Come and be regged, and we will give you "treats, snacks and music!"
Let's "have fun and finish this" by you giving us more money.
2014-02-25, Mike Rinder, Something Can Be Done About It
The panic is becoming palpable in PAC.
The latest timing is now apparently set for the grand re-re-opening of AOLA and ASHO for 2pm Saturday (though it could change by tomorrow).
Various people have forwarded the emails they are being bombarded with. There are reportedly no bulk emails. Each one is personalized. And with admonitions NOT to forward them or send anything out in bulk.
2014-02-25, Mike Rinder, Something Can Be Done About It
This is another unintentionally revealing look at the true state of affairs with GAG II.
It makes a graveyard seem like a bustling hive of activity.
First — 90 Student Hat Completions (supposedly a GUARANTEED two week course) means that this is the size of the existing active AOSHUK field. Everyone had to redo this course (you can bet that the 90 did not include any NEW comps as they admit they didnt do 90 in the 7 previous years). Funny how this is what they hype — at an AOSH they are proud of their Student Hat Completions and that this is 30X. They have 30Xed something that didnt even need to be done by anyone at an AOSH since the dawn of time as nobody would arrive for the BC or OT levels who had not done the course at their local org when they first started. Woohoo! In 3 months they have scraped together 90 public from the entire UK. (You can almost guarantee there are staff included in these figures too — though not many as staff in the SO traditionally do very little study, their enhancement when it occurs consists almost exclusively of sec checks).
Claire Headley and Bruce Hines are taking us on our journey to train as Scientologists. Claire spent years working with Scientology's "tech," and was trusted to oversee the auditing of Tom Cruise. Bruce was in Scientology for 31 years and spent about half that time as a senior case supervisor. Go here to see the first part in this series.
Bruce is along with us again this week as we dive into New OT 6. Despite all of the work we've done on OT 3, 4, and 5, we're still exorcising our space cooties on this level — or, in Scientology jargon, auditing our "body thetans" or "BTs." All of the things we've been learning over so many levels is all coming together now, with our BTs hanging together in clusters, and our learning how to telepathically communicate with them and see if they've got leftover issues from "Incident 1" (of 4 quadrillion years ago) or "Incident 2" (the Xenu genocide of 75 million years ago).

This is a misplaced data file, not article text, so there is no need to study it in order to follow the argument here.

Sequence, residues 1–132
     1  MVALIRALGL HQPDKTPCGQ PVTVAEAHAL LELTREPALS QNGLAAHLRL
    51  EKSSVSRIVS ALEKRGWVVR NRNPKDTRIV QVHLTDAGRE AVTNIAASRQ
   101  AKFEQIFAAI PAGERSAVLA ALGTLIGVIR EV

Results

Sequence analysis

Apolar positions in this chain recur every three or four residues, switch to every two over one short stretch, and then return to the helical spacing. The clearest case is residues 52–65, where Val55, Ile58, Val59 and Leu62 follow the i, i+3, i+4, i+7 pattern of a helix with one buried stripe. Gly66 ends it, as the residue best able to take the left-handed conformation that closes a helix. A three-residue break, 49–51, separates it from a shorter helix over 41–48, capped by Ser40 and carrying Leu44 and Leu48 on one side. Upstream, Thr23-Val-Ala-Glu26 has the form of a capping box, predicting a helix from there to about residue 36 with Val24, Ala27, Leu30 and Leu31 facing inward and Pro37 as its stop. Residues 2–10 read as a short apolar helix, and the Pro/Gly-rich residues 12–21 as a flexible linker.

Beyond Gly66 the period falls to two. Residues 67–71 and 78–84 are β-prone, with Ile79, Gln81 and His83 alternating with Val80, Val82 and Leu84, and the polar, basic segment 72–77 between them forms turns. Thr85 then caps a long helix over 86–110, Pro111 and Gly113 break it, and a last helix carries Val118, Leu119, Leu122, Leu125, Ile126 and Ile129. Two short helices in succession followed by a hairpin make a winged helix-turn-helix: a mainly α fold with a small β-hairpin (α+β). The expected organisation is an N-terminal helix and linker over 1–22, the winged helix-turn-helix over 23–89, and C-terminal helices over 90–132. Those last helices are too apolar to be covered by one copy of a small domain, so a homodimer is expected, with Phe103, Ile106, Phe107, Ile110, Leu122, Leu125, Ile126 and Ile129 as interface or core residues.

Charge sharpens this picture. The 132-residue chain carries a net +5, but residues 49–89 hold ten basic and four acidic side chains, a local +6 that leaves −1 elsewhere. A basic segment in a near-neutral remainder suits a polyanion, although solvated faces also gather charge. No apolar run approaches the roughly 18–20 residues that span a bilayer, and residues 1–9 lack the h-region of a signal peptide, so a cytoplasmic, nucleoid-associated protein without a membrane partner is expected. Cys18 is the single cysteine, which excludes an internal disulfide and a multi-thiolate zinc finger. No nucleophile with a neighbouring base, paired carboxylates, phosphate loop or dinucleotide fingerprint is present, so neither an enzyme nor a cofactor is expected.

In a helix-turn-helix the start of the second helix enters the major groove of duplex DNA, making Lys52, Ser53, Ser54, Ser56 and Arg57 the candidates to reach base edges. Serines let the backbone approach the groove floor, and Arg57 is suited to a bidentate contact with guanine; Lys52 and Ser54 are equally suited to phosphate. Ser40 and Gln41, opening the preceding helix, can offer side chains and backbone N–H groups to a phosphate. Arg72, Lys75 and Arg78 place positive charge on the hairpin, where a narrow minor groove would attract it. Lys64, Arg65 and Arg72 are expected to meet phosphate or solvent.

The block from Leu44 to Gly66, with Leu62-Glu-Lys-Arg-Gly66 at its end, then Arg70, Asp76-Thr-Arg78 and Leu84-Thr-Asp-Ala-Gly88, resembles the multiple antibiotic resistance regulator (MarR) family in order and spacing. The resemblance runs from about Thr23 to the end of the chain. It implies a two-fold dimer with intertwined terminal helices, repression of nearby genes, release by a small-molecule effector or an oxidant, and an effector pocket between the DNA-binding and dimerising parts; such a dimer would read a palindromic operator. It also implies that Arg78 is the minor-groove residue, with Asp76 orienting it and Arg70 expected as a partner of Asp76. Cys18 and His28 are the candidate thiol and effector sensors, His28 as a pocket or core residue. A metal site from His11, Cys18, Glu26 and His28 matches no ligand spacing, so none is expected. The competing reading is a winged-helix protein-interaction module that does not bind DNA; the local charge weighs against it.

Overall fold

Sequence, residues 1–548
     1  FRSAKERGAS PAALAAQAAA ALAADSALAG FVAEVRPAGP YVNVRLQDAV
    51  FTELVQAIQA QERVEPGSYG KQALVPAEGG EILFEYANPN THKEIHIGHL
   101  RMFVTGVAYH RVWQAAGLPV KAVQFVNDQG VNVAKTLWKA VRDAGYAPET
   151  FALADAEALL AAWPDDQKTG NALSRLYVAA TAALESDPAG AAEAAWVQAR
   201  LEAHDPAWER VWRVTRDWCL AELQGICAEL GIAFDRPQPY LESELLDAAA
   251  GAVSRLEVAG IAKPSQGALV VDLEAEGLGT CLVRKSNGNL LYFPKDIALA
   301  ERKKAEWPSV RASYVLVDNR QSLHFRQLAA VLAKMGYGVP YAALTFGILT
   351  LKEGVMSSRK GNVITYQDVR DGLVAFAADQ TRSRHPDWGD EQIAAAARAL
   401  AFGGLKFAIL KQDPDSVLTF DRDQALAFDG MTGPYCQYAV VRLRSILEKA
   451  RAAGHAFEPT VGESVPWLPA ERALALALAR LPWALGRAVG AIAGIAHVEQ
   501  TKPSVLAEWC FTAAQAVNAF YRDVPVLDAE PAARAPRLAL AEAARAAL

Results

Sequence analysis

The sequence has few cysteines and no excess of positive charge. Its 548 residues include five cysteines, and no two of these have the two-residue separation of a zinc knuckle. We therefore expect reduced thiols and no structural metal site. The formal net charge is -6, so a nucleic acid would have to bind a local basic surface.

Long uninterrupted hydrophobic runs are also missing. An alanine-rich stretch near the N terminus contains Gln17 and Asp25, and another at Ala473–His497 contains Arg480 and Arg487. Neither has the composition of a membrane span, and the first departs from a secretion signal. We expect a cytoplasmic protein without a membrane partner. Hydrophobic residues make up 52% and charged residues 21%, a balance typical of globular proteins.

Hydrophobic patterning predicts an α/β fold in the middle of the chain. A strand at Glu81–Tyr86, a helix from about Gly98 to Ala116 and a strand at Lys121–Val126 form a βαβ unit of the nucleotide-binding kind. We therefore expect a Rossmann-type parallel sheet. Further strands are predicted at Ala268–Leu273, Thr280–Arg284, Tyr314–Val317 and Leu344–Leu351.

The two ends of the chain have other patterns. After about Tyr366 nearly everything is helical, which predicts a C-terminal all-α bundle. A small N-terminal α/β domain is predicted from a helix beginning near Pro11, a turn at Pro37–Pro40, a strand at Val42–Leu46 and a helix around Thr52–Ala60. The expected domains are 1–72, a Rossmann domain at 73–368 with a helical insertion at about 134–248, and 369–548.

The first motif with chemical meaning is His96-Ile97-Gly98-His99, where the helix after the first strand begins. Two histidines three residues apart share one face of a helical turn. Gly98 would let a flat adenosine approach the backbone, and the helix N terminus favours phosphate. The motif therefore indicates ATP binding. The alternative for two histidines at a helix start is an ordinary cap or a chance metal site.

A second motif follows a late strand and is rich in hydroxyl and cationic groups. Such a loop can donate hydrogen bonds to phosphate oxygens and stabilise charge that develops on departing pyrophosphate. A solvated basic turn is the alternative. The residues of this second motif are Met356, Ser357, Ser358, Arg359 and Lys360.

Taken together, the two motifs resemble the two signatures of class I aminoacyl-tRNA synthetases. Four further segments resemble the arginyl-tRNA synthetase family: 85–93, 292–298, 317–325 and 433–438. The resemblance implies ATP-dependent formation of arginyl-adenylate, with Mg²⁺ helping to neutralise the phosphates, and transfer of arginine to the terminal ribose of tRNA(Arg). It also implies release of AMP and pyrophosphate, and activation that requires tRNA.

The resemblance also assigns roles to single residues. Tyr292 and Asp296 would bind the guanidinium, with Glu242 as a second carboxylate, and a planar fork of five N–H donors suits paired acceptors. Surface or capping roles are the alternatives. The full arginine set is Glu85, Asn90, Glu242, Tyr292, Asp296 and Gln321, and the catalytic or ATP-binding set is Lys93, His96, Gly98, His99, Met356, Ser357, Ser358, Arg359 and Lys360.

The set of New OT 6 materials we have is incredibly long and contains all of the New Era Dianetics for Operating Thetans (NOTs) stuff that Bruce first told us about on New OT 5. There's so much material, we've just put together some titles and a few outtakes for samples...
[BREAKING: See below for an important new story that aired this morning in Australia about a young woman reportedly held against her will by Scientology after having a mental breakdown.]
Roger Friedman over at Showbiz 411 put up an interesting story on Friday. He said that Anne Archer's "Artists for Human Rights" - a Scientology front group - was going to host a cocktail party for documentary filmmaker Rebecca Richman Cohen, and he wondered if she was aware that Archer and her Scientologist husband, Terry Jastrow, were connected with the church.
2012-02-25, Marty Rathbun, Moving On Up a Little Higher
Paul Staffer posted his resignation from the church of Scientology here on Wednesday this week. He sent me an email this morning asking that I delete the post. He said he could not share the reason for the take-down. I just deleted the post. Thought you all should know. Stuff happens.
2012-02-25, Tony Ortega, Runnin' Scared, Village Voice
This was some spooky week here in the underground bunker where we keep an eye on all things Scientology related. Some downright eerie things showed up in our stories this week: Surfers who can see the future. Beings living in clouds. Egyptian gods showing up in some lady's kitchen. And The Great Beast himself, of course. Freaky!
Looking for a little protection, we had a tough time corralling everyone into the magic circle we drew on the middle of the floor. But then all we had to use was catnip, so the felines kept messing it up.
Anyway, things started out with a special edition of Sunday Funnies -- we loved the mailer announcing that Chill EB was coming to the Melbourne Org! There's something about Melbourne these days, and we're big Chill fans going way back. (Well, to November at least.)
2011-02-25, Marty Rathbun, Moving On Up a Little Higher
I call Daniel Montalvo the Cisco Kid. He got that title after I found myself listening to War's classic by that title shortly after Daniel had stood up to a considerable wall of suppression late last year. You know, the dashing Latino-American cowboy hero with one hell of an integrity quotient - he fits the bill.